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Chile: Amnesty International concerned about human rights violations committed against the Rapa Nui, in the context of unresolved land claims of Indigenous Peoples

    December 09, 2010

    Amnesty International is deeply concerned about the situation on Rapa Nui (Easter Island), following the events of 3 December in which over 20 indigenous people were injured during an operation to evict them from buildings and land that they occupied as part of a protest. A number of detentions were made.

    Serious injuries were sustained by both indigenous protestors and police during the operation to evict protestors occupying a number of public and private buildings and land. The long-standing protest by some indigenous clans in demand of ancestral land, and in rejection of the Chilean government’s long-standing failure to adequately address their rights, is ongoing.

    Chilean security forces, numbering around 45, began their operation in the early hours of the morning, according to reports. When the group refused to leave and others gathered at the scene, the police opened fire with pellet guns, and physically beat up some protestors. Many, including 50 year old Leviante Araki, president of the Rapa Nui Parliament, sustained serious injuries from the shootings. It is understood that the indigenous protestors responded using sticks and stones. The families of protestors also reported mistreatment of their relatives who were detained and held in the local police station.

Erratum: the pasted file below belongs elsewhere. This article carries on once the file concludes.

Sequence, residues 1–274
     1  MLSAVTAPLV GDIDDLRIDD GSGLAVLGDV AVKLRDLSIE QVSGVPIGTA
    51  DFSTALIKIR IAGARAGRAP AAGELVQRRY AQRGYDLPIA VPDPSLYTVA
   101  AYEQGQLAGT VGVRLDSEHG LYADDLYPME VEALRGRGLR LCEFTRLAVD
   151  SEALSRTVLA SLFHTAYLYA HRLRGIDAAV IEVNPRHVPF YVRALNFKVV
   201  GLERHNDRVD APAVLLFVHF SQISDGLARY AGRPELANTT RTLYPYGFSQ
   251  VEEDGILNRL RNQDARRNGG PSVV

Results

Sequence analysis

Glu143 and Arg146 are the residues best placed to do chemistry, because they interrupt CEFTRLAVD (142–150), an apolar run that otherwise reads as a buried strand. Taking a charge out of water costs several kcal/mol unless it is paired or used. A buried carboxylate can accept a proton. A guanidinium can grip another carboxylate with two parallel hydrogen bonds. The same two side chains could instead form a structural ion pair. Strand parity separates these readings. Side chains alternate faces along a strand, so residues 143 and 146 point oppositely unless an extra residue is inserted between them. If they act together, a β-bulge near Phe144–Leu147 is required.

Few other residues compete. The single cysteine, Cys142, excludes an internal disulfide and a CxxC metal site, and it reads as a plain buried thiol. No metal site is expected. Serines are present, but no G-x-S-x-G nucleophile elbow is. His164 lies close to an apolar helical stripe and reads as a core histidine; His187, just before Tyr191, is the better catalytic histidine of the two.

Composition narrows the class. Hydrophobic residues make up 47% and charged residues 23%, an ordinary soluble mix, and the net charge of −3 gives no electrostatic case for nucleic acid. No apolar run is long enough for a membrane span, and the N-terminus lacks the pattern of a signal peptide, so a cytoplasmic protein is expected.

According to reports, there were serious delays in treating those who were injured after they were taken to the local hospital, due to lack of capacity on the island to deal with such a high number of injuries. It is understood that some of the injured clan members have not sought medical treatment.

    The government confirmed that the day after the violence they brought in an additional 100 police officers especially to deal with the situation and that these officers remain on the island. Amnesty International has received concerns that they may be targeting clan members who are providing information to lawyers who are presenting a request for precautionary measures to the Inter-American Commission on Human Rights.

    The occupations have been underway since August. In September, Indigenous peoples occupying the Hotel Hanga Roa, situated on land they are claiming as part of their ancestral territory, were evicted. Since the violence on 3 December, government authorities have reported that they have “recovered” six out of 18 properties occupied. It is understood that protestors withdrew voluntarily from some of the premises they were occupying.